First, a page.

Market welcomes FCA's encouraging insurance broker study

The market has welcomed a move by the Financial Conduct Authority to issue a final report on its assessment of competition in the wholesale insurance broker market. The FCA said that while it had identified some areas of concern and with scope for improvement, it found no need for the introduction of intrusive remedies.

Among those areas of concern were the issue of firms’ management of conflicts of interest; the information firms disclose to clients; and contractual agreements between brokers and insurers which, in a small number of cases, have the potential to limit competition.

The watchdog said it will work with firms to address all these concerns, in addition to assessing ongoing developments arising from the impact of EU withdrawal, and possible further consolidation in the industry and as a consequence of any changes in business models.

Executive director of Strategy and Competition at the FCA, Christopher Woolard said: “This was a significant and in-depth analysis of a sizeable and complex market to determine whether clients were at risk of harm. Encouragingly, we found no evidence that they were but we found some areas with scope for improvement and we will work with the industry to ensure these are addressed.

Commenting on the announcement, chief executive of BIBA, Steve White said the fact that the FCA closed this assessment at an unprecedented early stage validates the association's view that the wholesale insurance market is a highly competitive place. It was also welcome news, he added, that the FCA intends to deal with any follow up matters on a business as usual supervisory-led basis.

“There are many positives in the report and our members will be pleased to see that the regulator recognises that the sector meets client demands successfully," White commented. "We have regularly asserted that this sector provides customers with broad cover, competitive premiums quality paper and a full range of services that clients appreciate. The positive nature of this report reinforces this.”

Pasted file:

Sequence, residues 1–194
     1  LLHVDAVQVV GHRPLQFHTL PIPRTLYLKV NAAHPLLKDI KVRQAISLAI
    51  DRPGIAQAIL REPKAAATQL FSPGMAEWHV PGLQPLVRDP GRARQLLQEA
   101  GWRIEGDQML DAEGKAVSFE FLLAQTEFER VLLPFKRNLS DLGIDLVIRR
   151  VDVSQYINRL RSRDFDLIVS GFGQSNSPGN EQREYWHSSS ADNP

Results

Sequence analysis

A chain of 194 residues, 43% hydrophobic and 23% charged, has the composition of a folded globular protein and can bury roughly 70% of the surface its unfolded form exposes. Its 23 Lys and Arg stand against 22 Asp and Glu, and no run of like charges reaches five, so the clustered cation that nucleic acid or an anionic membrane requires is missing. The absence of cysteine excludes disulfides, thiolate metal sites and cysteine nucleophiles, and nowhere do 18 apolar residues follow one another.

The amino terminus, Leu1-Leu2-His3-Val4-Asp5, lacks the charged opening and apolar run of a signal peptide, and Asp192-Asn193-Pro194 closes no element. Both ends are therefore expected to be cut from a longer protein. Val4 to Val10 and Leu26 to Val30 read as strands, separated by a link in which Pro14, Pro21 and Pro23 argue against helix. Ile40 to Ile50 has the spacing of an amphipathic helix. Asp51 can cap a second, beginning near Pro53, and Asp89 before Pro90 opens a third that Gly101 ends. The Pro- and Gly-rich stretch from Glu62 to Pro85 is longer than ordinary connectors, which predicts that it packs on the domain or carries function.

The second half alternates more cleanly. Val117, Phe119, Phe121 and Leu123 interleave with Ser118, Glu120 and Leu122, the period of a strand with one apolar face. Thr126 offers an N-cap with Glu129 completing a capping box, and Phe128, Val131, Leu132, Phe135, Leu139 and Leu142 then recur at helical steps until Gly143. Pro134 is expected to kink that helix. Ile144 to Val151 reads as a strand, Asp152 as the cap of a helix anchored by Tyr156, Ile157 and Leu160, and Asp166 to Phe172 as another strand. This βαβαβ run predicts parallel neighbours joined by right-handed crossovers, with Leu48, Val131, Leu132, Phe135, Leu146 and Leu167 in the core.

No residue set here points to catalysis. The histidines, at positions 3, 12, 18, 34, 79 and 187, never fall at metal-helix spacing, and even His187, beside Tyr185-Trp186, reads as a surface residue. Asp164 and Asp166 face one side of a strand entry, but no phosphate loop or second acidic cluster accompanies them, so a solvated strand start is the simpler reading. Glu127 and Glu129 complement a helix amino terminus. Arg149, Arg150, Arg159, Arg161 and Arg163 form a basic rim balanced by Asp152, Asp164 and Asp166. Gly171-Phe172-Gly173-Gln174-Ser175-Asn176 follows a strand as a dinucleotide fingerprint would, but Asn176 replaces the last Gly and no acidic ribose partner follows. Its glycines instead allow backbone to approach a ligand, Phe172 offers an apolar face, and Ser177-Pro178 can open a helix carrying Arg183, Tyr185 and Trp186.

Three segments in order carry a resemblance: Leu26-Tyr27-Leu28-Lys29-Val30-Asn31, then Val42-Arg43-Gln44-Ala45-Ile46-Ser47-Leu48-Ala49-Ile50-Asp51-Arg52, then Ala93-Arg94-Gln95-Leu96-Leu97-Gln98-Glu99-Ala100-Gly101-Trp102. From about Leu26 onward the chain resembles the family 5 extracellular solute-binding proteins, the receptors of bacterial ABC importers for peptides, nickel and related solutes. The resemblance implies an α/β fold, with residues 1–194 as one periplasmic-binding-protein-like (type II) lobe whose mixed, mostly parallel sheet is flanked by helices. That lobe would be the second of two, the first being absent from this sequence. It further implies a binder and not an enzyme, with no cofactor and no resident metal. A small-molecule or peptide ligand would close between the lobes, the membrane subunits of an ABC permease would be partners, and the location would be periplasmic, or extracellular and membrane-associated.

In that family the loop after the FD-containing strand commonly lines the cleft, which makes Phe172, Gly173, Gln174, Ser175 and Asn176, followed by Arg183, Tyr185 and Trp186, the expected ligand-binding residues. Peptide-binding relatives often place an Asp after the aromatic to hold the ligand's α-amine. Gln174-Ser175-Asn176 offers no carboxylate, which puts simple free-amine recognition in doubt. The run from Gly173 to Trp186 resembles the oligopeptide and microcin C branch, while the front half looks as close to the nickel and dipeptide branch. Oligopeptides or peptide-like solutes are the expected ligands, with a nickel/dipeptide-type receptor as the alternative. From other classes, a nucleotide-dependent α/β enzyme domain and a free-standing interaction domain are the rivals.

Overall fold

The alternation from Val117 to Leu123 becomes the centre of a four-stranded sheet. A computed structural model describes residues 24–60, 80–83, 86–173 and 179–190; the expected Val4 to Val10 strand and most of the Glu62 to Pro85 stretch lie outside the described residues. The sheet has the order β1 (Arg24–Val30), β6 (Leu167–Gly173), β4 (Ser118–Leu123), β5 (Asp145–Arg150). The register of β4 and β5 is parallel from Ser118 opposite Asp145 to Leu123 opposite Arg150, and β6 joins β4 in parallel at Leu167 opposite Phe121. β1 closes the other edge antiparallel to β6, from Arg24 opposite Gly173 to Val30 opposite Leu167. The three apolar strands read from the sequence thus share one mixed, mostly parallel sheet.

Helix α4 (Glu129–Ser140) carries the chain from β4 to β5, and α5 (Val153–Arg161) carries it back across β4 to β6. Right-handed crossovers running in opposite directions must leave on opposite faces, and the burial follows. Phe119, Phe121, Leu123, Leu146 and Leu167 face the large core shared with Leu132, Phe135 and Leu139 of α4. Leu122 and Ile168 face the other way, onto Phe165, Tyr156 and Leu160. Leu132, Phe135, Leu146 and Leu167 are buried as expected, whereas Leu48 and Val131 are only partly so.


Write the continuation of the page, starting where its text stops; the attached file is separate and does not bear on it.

KPMG insurance partner, David Miller echoed White's views, at the same time noting the FCA's concerns around those areas where more work is needed.

“The FCA has previously proven that it’s not afraid to show its teeth, the fact that it has therefore decided to make this a final, rather than interim report, shows they have real confidence in the operation of the market. This will be welcome news for brokers who have been working hard to transform their business models in evolving and uncertain markets. However, it’s clear there’s still work to be done around firms’ management of conflicts of interest, transparency and contractual agreements and every player in this sector will be keen to see progress is made,” he said.

The Wholesale Insurance Brokers market study which was launched in November 2017 to assess how competition was working in the sector. The FCA findings were drawn from multiple pieces of analysis including 73 brokers’ and 49 underwriters’ responses to the questionnaire looking at market features including conflicts of interest management, market shares and entry/exit.

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